2022 Volkswagen Golf R Estate review – still the high-performance, do-it-all family car?
It’s fair to say we’ve had a somewhat frosty relationship with the current eighth-generation Golf R.evolution 284 and 286), but when the competition got tougher in last year’s hot crash against the Honda Civic Type R and Mercedes-AMG A45 S (evolution 288), well, he was positively crushed, running out of ideas on admittedly very difficult roads and facing the toughest competition. Now, however, an excellent leveler has come to the aid of the Golf R, and it’s not another performance package, or even a silent technical update from Germany, but rather something altogether more powerful: the context.
While a Golf R hatchback isn’t any more practical than a Civic Type R, when fitted with a more versatile station wagon body, it’s impossible to make that comparison, making rivals more likely to be high-performance compact SUVs than a precision hot sedan. So how does the Golf R Estate translate into a high-performance family car then? Alright, first impression. Find any square start button and the Golf R instinctively starts in Sport mode, giving the powertrain good initial response and the steering significant weight. This can, of course, be recalled immediately, and when combined with the (always) optional adaptive dampers.
Performance between the hatchback and wagon looks nearly identical in the real world, though on paper the 0-60 mph time of 4.9 seconds is a 0.2-second disadvantage due to its speed penalty. weight of 76 kg. Both share the same 316 hp/310 lb-ft variant of the EA888 turbocharged four-cylinder engine, a seven-speed dual-clutch transmission and a torque-vectoring rear differential. It’s the latter of these components that differentiates the Golf R Estate from the closely related Cupra Leon ST.
The saloon’s R-Performance Pack is also available for the estate for an extra £2160, bundled together a high top speed of 167mph, those two extra drive mode options (Drift and Special), a rear wing and 19 inch wheels and tires. Surprisingly, the adaptive dampers still cost an extra £840 and are badly needed, because although they’re unnecessarily difficult to access, their 15-step configurability gives them impressive breadth.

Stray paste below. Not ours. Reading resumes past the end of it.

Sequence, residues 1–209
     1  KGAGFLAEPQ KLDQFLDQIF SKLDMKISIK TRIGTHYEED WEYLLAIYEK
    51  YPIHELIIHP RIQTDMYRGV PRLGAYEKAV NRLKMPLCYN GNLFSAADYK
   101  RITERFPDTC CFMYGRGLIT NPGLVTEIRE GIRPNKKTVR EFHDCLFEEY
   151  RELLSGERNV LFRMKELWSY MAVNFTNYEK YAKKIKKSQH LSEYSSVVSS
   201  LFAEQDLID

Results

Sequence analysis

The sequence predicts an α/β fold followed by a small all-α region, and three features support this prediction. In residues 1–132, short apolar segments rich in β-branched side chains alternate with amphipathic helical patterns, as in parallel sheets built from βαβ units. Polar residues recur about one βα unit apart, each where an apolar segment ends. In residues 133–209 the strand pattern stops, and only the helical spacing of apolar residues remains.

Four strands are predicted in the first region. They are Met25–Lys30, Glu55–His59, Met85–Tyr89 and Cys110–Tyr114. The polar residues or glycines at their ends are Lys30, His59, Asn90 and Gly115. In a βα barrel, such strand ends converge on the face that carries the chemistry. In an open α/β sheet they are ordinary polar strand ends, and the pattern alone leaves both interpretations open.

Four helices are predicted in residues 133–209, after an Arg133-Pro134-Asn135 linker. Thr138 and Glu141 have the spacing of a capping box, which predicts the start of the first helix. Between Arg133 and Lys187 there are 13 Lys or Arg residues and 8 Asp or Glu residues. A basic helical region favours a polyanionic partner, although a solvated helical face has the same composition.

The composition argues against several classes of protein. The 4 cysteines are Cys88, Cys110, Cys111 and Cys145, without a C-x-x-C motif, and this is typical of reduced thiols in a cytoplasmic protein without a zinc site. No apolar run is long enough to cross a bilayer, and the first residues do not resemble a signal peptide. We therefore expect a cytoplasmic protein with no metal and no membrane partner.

Starting off, the Golf R Estate looks pretty much like any other Golf R, except this time the rear window is still 350mm further behind you. There’s good grip on the front axle, and with some weight on the rack it gives you a certain level of confidence when entering a bend, even if the front wheels still don’t dig in as much in surface as you would like. Push a little harder, though, and the Golf R’s handling feels slightly wiser than the hatch’s, losing some oomph and agility – unsurprising given its weight gain.
Despite the longer rear overhang and its effective change to the car’s overall weight balance, there’s still not much adjustability when entering a corner under braking, and although you can get the body moving if you start to really push, the Golf R’s stability program never completely relinquishes control, as it will nibble the brakes ever so slightly when slippage is detected. The torque-vectoring rear differential isn’t much more effective in dry conditions, because – and the same goes with the hatch – it just doesn’t feel like there’s enough power to overdrive the rear outer wheel enough to encourage any significant yaw.
On wet or cold tires things are easier, but in most cases the Golf will dissolve into understeer before the rear axle has a chance to make any significant impact. Worse, start really working the chassis in dry conditions and you’ll experience the same side hop as the tailgate. Again, this is a car that seems to perform better in less than ideal conditions.
But that’s where the family car comes in, because really it’s not really a car that would be used on track days or taken to your favorite roads on a whim. Seen in this context, the Golf R Estate is much more impressive as a fast, spacious and even quite efficient hauler. The cabin, while still infuriating to interact with in many ways, is well built and quite refined. Drive calmly and you can cross 40 mpg. It also has a very impressive boot capacity, and while a VW Tiguan or BMW 3 Series has more room in the back, it’s a physically smaller car, which has its own advantages.
We’d hesitate to say the Golf R Estate is a better car than its flawed hatchback sibling, but with the added versatility that comes with its wagon body, it makes for a desirable package in a way the standard sedan doesn’t quite seem. manage it. .
Prices and competitors
It’s not cheap, however. At £44,535 base, that’s £3,000 more than a BMW 330i M Sport, which isn’t just one size bigger, but these days also comes with more standard equipment. Tick more boxes, such as the R-Performance Package, glass roof, leather seats and an upgraded stereo and the R is knocking on the silver M340i Touring’s door which is just too much for something with a Golf badge on the back. Actually, he doesn’t have a Golf badge, but you understand.
The Golf R Estate is a step ahead of the Cupra Leon ST, which looks underdeveloped and boring to drive in comparison, while VW’s own Tiguan and T-Roc R are equally disappointing to drive.